It’s four in the morning, or something like that, and having found myself sleepless — no, I actually don’t have any idea why — I’m at my keyboard banging out blog posts, and wanting to work on the current novel, but the mind is foggy from lack of sleep.
And something from a video I watched about strategies for making it indie is running through my mind. The gentleman, who only writes books about how to make it in indie derided the “write a lot” aka “the brute force” or “shotgunning” strategy as “Sure, it works, but you have to keep writing.” Read more
To begin with, I’m sorry for being so late. Real life got to me this morning, before I was awake enough to defend myself.
Now let’s talk Sale-ability, that which causes a book to sell well, which is not the same as being a good book, or being a bad book, or really being anything but saleable. Read more
To write, you have to — to an extent — understand evil. You don’t have to fondle, pet it, or call it George.
When I was a very young writer, knee high to a novella, I read the stuff about giving your villains a motive.
This is good advice up to a point. The point is that at which, instead of giving your villains a motivation, you give them a justification, then you make them into tragic victims, then you feel sorry for them, then you are no longer sure who is the villain and who the good guy. And then next thing you know, your characters are running around in a grey and uninteresting fog and the reader feels like he’s trudging through soup. Amoral soup. (Shut up, it’s my soup, it can totally have morals or lack thereof if I so choose.)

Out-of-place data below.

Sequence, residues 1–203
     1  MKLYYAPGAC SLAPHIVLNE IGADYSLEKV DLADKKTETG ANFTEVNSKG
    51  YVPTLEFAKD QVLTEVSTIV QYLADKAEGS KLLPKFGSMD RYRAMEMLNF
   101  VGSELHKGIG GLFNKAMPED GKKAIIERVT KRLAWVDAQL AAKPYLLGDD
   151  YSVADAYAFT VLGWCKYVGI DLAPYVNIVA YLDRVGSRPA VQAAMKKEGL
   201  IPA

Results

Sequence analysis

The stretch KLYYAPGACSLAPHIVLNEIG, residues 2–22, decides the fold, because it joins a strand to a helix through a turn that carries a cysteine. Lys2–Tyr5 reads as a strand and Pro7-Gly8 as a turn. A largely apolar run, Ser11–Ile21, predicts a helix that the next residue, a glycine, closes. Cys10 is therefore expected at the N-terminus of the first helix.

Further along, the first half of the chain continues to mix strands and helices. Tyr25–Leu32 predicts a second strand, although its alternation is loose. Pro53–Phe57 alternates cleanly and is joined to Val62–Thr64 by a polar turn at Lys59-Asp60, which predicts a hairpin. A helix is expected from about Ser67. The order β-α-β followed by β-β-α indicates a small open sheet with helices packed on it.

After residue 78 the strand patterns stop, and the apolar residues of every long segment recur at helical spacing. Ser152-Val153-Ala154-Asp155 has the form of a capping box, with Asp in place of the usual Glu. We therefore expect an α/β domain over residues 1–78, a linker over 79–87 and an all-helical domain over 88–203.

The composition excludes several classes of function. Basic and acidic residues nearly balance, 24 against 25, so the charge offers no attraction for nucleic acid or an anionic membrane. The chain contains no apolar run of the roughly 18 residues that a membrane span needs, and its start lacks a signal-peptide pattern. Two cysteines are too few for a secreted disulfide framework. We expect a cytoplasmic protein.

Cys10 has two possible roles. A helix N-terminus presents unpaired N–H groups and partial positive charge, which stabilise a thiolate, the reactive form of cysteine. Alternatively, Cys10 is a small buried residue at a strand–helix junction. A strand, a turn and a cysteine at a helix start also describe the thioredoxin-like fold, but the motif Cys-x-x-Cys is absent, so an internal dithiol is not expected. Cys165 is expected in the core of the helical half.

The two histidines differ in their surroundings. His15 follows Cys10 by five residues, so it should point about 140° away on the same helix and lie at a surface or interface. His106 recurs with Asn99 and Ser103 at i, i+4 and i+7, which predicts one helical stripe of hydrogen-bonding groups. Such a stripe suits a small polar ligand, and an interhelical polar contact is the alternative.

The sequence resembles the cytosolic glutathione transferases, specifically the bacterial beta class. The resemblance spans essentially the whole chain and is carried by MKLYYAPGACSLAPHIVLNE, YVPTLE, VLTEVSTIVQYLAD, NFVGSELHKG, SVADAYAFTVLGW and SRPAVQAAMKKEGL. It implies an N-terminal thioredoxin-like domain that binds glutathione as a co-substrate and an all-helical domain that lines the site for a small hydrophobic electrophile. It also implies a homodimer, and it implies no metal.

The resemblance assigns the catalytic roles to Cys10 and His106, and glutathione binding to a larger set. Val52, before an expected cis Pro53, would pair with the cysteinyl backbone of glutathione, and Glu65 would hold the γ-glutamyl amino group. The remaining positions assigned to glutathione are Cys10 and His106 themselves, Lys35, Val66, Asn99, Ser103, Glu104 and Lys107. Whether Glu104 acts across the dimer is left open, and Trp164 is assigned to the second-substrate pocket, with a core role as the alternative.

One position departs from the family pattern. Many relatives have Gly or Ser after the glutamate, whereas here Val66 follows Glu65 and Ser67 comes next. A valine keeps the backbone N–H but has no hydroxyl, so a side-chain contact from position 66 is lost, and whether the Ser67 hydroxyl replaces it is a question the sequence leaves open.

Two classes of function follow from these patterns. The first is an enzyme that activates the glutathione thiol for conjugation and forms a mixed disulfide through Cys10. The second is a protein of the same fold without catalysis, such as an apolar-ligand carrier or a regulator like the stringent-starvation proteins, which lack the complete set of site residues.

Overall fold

A Galilean Rabi notoriously said that a man can’t serve two masters, for he’ll neglect one for the other. Thank heavens I’m not a man, because I’m about to try to serve three.
Yes, I do know “man” is used there in the sense of human. I’m just justifying my insanity. The truth is like most writers, I have a time management problem. No, really, I have several time management problems… I just can sort of roll them all into a gigantic one. Read more
There are times I hate being a writer. One of the things it does is set me at odds with normal (or really, abnormal but not writers) human beings, and prevents the enjoyment of simple pleasures that involve story telling.
I used to think I was alone in this, but the last few Liberty cons have quite put paid to that idea, as I hear colleague after colleague say things like “I used to enjoy reading, but now I find myself analyzing it” or “I loved movies but now I can see the mechanics and the effects.
Note this is not a marital advice column.
You’ve heard the saying that you should kill your darlings. Honestly, it depends on who your darlings are and what. I don’t subscribe to absolutes in terms of writing advice. However I know there is a type of love that will harm your writing, something that falls under “killing your darlings.”
Independent publishing — indie — is generally a great thing. When in the course of human events it becomes necessary for a writer to part with their publisher/s there’s no need to let the world know the just causes, you can just leave and start writing indie.
Or you can start out indie, anyway, and not have to suffer the slings and arrows of incompetent office staff and indifferent sales staff. Read more